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Clementine Briarcliff Manor Primary Therapist Dana Sedlak, LCSW discusses maintaining recovery during the summer holidays in this week’s blog post. Read on to learn some strategies to support recovery…

Celebration-The action of marking one’s pleasure at an important event or occasion by engaging in enjoyable, typically social, activity.

For those without eating disorders, summer holidays are full of excitement and pleasure. They often have been counting down for summer for as long as they can remember. They begin preparing for the event weeks ahead by going shopping for a new outfit, picking out a recipe to cook, and reaching out to friends and family to coordinate plans. However, if you are someone currently in recovery from an eating disorder or disordered eating, everything about a summer celebration might make you want to flee in the opposite direction.

You might currently be experiencing an absence of joyful emotions for the last several weeks, months, or even years. All of your previously enjoyed activities that used to bring you joy might feel as if they have completely escaped you. Because of this, you might question whether you will be able to have fun or enjoy yourself by attending a 4th of July celebration, a family barbeque, or a friend’s pool party.

Depression can increase your desire to engage in your action urge (the urge that appears to protect you), which results in withdrawal and isolation from others. Opposite action asks you to question whether this specific urge to isolate makes sense in the moment or whether acting oppositely could be more beneficial. If you have already decided that you are not going to attend the celebration, this is the time to reflect on whether isolating is more harmful than attending. If you decide that the benefits of going to the event outweigh the potential consequences of avoiding the celebration, there are certain ways to plan ahead to make sure you are as comfortable as possible.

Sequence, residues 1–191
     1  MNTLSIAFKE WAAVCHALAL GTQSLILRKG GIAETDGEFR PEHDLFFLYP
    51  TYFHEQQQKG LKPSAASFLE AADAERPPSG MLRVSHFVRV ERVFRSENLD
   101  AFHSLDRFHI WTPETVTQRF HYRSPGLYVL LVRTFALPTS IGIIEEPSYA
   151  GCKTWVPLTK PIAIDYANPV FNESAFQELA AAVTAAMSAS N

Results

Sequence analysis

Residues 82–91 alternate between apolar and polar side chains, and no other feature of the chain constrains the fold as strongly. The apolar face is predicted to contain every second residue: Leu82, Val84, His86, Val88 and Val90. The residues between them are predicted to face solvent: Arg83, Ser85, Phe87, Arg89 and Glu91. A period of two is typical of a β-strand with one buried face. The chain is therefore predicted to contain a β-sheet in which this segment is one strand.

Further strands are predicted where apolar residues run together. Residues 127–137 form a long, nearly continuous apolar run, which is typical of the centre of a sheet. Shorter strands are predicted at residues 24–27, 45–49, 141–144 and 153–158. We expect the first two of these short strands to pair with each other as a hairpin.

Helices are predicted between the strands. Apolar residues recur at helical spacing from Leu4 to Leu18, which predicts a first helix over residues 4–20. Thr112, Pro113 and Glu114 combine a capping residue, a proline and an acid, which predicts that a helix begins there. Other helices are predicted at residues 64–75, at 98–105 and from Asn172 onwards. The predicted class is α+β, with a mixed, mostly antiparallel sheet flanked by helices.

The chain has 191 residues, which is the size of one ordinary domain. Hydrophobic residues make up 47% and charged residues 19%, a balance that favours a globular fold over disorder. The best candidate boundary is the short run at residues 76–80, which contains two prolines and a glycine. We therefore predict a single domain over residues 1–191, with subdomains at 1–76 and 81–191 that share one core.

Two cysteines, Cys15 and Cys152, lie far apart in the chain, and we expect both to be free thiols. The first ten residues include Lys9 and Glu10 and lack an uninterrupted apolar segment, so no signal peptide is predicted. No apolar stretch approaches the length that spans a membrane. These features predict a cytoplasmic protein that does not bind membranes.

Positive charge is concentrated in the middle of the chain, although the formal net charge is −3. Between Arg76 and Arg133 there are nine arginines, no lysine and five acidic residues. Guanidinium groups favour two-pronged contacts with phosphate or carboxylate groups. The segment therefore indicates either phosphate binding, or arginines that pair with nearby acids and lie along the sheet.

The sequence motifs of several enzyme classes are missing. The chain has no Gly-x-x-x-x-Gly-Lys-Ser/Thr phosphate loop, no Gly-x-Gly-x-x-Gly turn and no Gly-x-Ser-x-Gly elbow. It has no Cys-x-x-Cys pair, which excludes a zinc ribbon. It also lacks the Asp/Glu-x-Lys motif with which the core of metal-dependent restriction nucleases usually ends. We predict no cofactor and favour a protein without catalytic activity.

1. Identify an ally: Choose a family member or friend that can be your go-to person. Have a plan about how long you’re going to stay at the event and how often you might need to check in with one another to assess how you’re feeling. Think about creating a code word/phrase to share when you need additional support away from the group.
  2. Meal plan: Decide whether you are going to bring your own food or whether you are going to eat what the host has prepared. Do not allow this to be an excuse for engaging in eating disorder behaviors due to being unaware of what food will be available. Call the host or ask your friend/family to do this ahead of time if necessary.
  3. Prepare for social interaction: Reintegrating back into a social group after a period of isolation can be anxiety producing. Your family and friends are most likely excited to spend time with you. They may have several questions in regards to how you are and what you have been doing. They might even unintentionally make a comment about your appearance with the belief that they are complimenting you. Be prepared. Brainstorm safe topics that you can discuss if you’re uncomfortable talking about treatment or your recovery. Role-play with someone prior to the event in order to explore how you will respond to certain questions. Ask yourself how much information you’re willing to share and with whom you feel comfortable sharing that information with. Think of a statement to use if you need to remove yourself from a conversation that is no longer beneficial.
  4. Set an intention: On your way to the celebration, set an intention. What is the reason that you are attending this party? What is the desired outcome? Repeat this intention to yourself over and over until it resonates with you. When your eating disorder begins to distract you from this intention with attempts to engage you with thoughts related to food or body, challenge it by repeating this intention. Remind yourself of the initial purpose.

Managing these celebrations while being in recovery can often feel extremely overwhelming if you are without a plan. Take the time to recognize any obstacles that may arise in order for you to cope with potential eating disorder urges. While you are challenging your eating disorder over time, you will soon be able to return to enjoying fireworks, bonfires, and barbeques as a means for celebrating the milestones in your life.

 

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